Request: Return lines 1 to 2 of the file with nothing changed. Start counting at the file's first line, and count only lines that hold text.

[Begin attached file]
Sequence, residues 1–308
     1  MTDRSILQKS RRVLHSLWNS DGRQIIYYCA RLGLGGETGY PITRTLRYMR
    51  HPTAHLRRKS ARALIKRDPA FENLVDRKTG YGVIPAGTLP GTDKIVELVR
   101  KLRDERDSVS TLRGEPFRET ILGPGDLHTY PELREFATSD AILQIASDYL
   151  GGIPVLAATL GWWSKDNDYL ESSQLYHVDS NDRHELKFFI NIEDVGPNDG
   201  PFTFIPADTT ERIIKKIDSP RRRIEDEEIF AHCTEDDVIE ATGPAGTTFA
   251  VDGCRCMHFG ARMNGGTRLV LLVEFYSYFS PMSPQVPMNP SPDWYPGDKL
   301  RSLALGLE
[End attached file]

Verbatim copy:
Sequence, residues 1–308
     1  MTDRSILQKS RRVLHSLWNS DGRQIIYYCA RLGLGGETGY PITRTLRYMR